18 DECEMBER 1886, Page 5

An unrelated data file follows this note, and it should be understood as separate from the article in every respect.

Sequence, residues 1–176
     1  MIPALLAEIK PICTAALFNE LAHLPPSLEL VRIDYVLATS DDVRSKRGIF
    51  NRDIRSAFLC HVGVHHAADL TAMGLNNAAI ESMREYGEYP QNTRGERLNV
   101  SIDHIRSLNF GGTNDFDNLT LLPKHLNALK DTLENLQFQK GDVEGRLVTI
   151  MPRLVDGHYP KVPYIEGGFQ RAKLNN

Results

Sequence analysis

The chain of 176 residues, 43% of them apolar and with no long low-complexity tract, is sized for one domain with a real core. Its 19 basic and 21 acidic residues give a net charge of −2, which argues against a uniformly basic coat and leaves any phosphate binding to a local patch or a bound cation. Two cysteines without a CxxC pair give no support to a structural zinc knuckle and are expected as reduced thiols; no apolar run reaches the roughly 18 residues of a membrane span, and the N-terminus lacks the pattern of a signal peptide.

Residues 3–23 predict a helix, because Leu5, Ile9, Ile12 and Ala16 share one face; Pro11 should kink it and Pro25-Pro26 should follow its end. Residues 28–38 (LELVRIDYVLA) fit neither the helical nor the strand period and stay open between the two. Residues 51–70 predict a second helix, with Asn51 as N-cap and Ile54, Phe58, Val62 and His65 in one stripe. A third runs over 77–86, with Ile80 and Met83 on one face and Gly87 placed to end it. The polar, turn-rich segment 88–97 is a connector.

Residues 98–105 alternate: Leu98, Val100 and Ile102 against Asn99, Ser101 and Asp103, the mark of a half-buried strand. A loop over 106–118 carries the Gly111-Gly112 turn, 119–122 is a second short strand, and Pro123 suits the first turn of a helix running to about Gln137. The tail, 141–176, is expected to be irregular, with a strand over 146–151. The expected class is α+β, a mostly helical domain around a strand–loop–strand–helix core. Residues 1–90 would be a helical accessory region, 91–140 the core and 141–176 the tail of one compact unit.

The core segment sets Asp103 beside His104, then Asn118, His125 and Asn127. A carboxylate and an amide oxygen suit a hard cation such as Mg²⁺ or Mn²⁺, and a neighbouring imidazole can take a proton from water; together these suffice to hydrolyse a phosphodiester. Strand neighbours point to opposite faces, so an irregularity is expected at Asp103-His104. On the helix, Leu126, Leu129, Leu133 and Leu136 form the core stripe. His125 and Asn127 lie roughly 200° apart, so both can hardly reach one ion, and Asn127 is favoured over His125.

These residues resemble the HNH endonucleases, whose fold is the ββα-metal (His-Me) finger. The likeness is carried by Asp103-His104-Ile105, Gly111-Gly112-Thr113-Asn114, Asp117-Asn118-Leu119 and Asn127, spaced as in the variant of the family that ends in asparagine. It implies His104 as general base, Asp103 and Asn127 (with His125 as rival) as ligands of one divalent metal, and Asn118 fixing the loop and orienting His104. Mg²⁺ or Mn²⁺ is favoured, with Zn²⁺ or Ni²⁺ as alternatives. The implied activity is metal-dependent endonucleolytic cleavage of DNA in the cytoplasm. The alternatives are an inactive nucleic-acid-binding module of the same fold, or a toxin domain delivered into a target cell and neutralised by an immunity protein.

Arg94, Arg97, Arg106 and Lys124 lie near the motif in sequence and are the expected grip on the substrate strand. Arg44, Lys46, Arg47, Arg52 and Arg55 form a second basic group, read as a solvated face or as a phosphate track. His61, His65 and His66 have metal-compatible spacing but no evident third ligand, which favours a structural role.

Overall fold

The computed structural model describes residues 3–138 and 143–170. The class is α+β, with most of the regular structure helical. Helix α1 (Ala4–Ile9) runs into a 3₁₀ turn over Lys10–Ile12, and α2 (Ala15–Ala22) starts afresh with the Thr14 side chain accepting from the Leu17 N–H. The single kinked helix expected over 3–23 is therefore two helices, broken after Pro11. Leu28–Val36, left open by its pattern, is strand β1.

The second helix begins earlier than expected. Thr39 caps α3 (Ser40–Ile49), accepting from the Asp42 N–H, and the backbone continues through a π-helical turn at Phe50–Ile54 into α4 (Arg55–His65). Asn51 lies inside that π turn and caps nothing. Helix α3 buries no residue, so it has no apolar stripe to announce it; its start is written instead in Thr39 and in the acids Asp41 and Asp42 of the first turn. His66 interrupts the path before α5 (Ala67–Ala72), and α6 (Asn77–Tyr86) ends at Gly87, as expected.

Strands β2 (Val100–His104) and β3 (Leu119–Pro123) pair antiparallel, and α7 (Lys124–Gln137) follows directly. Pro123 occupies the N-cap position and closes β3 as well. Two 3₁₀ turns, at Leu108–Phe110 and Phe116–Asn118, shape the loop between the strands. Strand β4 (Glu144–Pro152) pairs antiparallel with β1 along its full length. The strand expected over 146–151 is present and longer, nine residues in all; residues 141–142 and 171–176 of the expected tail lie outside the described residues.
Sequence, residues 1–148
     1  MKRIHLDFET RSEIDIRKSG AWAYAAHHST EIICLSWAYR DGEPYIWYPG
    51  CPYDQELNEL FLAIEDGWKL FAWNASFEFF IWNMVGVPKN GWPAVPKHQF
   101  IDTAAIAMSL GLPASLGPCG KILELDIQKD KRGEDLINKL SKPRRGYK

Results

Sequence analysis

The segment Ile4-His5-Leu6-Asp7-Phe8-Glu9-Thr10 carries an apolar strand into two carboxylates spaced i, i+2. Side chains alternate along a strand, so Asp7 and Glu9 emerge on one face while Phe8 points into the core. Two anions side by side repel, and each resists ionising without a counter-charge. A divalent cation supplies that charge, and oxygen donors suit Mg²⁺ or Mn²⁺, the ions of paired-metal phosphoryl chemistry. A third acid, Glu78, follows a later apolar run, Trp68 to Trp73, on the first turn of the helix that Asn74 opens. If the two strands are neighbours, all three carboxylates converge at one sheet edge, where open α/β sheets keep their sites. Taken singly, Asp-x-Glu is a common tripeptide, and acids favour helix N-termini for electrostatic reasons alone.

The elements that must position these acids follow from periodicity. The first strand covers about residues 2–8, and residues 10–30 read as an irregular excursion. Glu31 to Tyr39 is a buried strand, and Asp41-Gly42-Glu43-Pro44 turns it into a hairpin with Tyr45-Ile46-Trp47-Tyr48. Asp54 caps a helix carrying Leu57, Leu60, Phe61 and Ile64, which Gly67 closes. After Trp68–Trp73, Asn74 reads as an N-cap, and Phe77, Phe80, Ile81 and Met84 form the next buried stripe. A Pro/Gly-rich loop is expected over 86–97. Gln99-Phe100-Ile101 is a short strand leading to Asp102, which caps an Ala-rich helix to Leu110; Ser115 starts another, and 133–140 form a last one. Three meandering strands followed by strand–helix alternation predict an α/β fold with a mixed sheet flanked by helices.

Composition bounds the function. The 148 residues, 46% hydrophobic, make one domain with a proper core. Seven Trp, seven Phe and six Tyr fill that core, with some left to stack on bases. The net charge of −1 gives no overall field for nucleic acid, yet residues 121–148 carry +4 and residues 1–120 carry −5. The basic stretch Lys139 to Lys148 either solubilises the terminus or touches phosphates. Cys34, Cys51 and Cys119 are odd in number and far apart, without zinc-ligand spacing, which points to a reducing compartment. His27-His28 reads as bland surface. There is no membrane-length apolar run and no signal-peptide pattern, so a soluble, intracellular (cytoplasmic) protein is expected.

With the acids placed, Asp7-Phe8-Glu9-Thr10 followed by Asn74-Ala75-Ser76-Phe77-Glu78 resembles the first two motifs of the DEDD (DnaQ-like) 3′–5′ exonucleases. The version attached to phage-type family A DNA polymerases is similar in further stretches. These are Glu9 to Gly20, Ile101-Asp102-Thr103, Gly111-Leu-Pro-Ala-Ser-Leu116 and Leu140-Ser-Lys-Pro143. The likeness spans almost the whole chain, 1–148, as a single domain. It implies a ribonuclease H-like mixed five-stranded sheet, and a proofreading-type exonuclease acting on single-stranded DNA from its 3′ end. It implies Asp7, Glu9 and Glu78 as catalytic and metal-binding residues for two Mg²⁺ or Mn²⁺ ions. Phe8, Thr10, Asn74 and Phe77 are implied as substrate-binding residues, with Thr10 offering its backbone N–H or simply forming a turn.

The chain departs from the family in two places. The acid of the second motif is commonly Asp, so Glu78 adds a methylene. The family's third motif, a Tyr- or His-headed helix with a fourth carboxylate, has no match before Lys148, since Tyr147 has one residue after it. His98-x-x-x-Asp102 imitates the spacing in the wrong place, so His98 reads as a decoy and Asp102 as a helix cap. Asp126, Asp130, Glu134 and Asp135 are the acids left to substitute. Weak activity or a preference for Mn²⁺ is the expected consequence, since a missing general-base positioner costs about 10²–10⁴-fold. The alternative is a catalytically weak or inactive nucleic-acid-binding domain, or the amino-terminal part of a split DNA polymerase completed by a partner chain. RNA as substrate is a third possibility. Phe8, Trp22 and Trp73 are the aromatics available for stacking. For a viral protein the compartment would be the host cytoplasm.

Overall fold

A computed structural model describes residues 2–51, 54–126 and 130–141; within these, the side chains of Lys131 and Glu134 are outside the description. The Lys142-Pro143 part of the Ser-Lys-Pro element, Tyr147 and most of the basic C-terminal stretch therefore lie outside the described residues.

M. Flourens for the Foreign Ministry of France augurs ill for the stability of M. Goblet's Administration is true ; but a little too much has been said of the absurdity of the appointment. Considering the eager ambition of most French diplomatic agents, their desire to occupy a place full in the eyes of the world, and their especial fondness for residence in Paris, the refusal of the whole service to accept the appointment reveals an utter distrust in the longevity of the Ministry. The signs of confusion must be very clear when not only Ambassador after Ambassador, but Envoy after Envoy, refuses the chiefship of the profession, and the Premier is compelled by positive lack of candidates to choose an outsider, a permanent official who never has been elected to any Chamber, and who may be comparatively incompetent to bear his part in debate. Such hesitation in France is a source, as well as a proof of weakness, and M. Goblet must be a stronger man than he is yet supposed to be, if he continues to hold the reins much beyond the two months which the Chamber, by its financial vote of Tuesday, granted him as a grace. He may, however, possess unexpected resources within himself, his rise of itself suggests competence of some kind—especially as he is not an agreeable man—and his appointment of M. Flourens, strange as it seems to Englishmen, is not necessarily a sign of weakness. M. Goblet may know his man ; and if he does, all he has done is to settle in a way as yet unusual in France, though not unprecedented, a question which has often been matter of dispute. Statesmen have never yet quite decided whether new minds or specially trained minds accom- plish most in great offices. They say they prefer the trained minds ; but one notes that when anything large has to be done, they are apt to look beyond the services, or even the debaters, and despatch special agents little used to the special work. In England, great office is almost monopolised by Parliamentary personages ; but Lord Durham was sent to Canada for his qualities, not his acquaintance with that Colony ; Lord Salisbury was no diplomatist when he went to Constanti- nople; Mr. Cobden, the least diplomatic of men, was employed to negotiate the Commercial Treaty with France ; and the Indian Viceroyalty, which is as important to India as the Czardom is to Russia, is hardly ever given either to an Anglo-Indian or to a man who has governed provinces. The one thoroughly successful official in Burmah at this moment is the traveller Colquhoun, and men wholly outside the service have repeatedly governed Colonies. A few weeks ago, Lord Salisbury made a lawyer, almost un- known in Parliament, Home Secretary ; and within a few weeks -more, placed a soldier of repute, but repute for service, and not Staff work, at the head of the working Executive of Ireland. The Governments of the Continent notoriously use ex- ceptional agents for the most serious negotiations, and that of France during the Revolution and under Napoleon broke with tradition completely, and often, as in the Carnot case, with marked success. The whole American Govern- ment is based on the theory that general and not special ability is the best guarantee for success—and Abraham Lincoln was certainly no failure—and absolute Governments constantly promote men with a rapidity fatal to the idea of training. What training had Prince Bismarck, except in diplomacy ; or in what school of negotiations did M. de Freycinet graduate ? The Kings are never, and never can be, .specialists; but there is no department of government, not even soldiership, in which Kings have not been occasionally the most successful of men. Frederic of Prussia beat the Con- tinent in battle, and Louis XVIII, who never had even the training of a Prince, was a match for any diplomatist in Europe. It can hardly be worse for France that M. Flourens should be Minister of Foreign Affairs, than that a Bonaparte or a Bourbon should suddenly obtain the power to give all Ambassadors their instructions. Whether M. Flourens is competent or no, we cannot say; but at least he is as specialised as any Prince, and possesses a far wider education. The truth is, detachment of mind, though not always or often an equivalent for knowledge, occasionally gives a mental grasp which neither training, nor knowledge, nor experience can of themselves confer. The permanent heads of offices in England are usually exceptionally able men, and always indispensable to their departments ; but the system which made them Ministers would not, even under a non-Parlia- mentary government, be an ideal one. It is always an evil to deprive a service of any one of its prizes, because that decreases the incentives to good work; and at most times, and in most departments, to supersede experts is to run a foolish risk. When Lord Derby made ten Privy Councillors in a morning, he probably could not help himself; but the necessity diminished none of the difficulties of his administration. We do not in the least believe in the idea which governed Mr. Cobden in his protest against Embassies, and of which Mr. Bright has once or twice shown a trace,— that training is for educated men unnecessary, and that we might obtain fair public servants by lot, holding that the experience of all professions and businesses (the average experience, in fact, of mankind) conclusively disproves that theory. But it is possible to push the converse idea, which is usually healthy, a great deal too far ; and there is a tendency just now in England to do it. The sort of shock caused by Mr. Matthews's appointment, by the nomination of Sir R. Hamilton to Tasmania, by the transfer of Sir Redvers Buller to the Castle, and by the appointment of M. Flourens to the French Foreign Ministry, indicates the condition of opinion, which in its tarn affects the leaders of parties, who, when Ministries have to be formed, confine themselves much too scrupulously to known names, sometimes even, be it said without invidiousness, to hack names. The Crown is fettered enough already by the necessity arising from our system of confining its choice to the twelve hundred persons who sit or can sit in the two Houses—a fetter of crush- ing weight when a soldier or Admiral is wanted to work out a reform—without being further limited, as the tendency now is, to men who are already Privy Councillors. As to the Civil Service, extreme restriction only deprives it of ornaments, and is, besides, preposterously illogical. If the Parliamentary system is defensible at all as a system for choosing an Executive, it is justifiable on the theory that ability in debate usually indicates the qualities that enable a man to control specialists,—to "govern," in fact, without special knowledge. If that were not so, our system would be a plan for securing an inefficient government through a competitive examination as to persuasive power, and would have ended long since in some great catastrophe. As a matter of historic fact, the "foolish orator who sways the State" is a very rare phenomenon, and the great debaters have usually been also great administrators ; but to choose the heads of the State for their power of expression, and then declare that only specialists can be employed to rule, or negotiate, or advise the Sovereign outside the Ministry, is too absurd. Imagine Lord Randolph Churchill Chancellor of the Exchequer, and a state of opinion under which it would be held monstrous to send, say, the late Mr. Bagehot to put Indian finances straight. The rule is wise enough for every day, and, as we have said, Services cannot be kept efficient without rewards, especially when they are paid much less than market price ; but the rule should be broken in favour of exceptional competence, and there should be some little room, too, for exceptional competence to display itself. At least, if there is not, then the Parliamentary system stands logically condemned, and all Parliaments ought, like the Parliament of Germany, to produce orators for ever, but never Ministers. M. Flourens may, for anything we know, be the worst Minister ever chosen ; but there is nothing to prove it, and the hurricane of censure with which the appoint- ment has been received in England is a little silly. Why is he necessarily disqualified in a country where the Foreign Minister has no language to use except his own, and where each Minister is held to represent the nation, and therefore sits in both Houses without election by any particular parish ? In England we could not appoint a Talleyrand, if we had one, Foreign Minister unless he were in Parliament ; but that restriction, though useful to concentrate all ambitions within the two Houses, is, as regards the management of Foreign Affairs, a fetter, and not a power.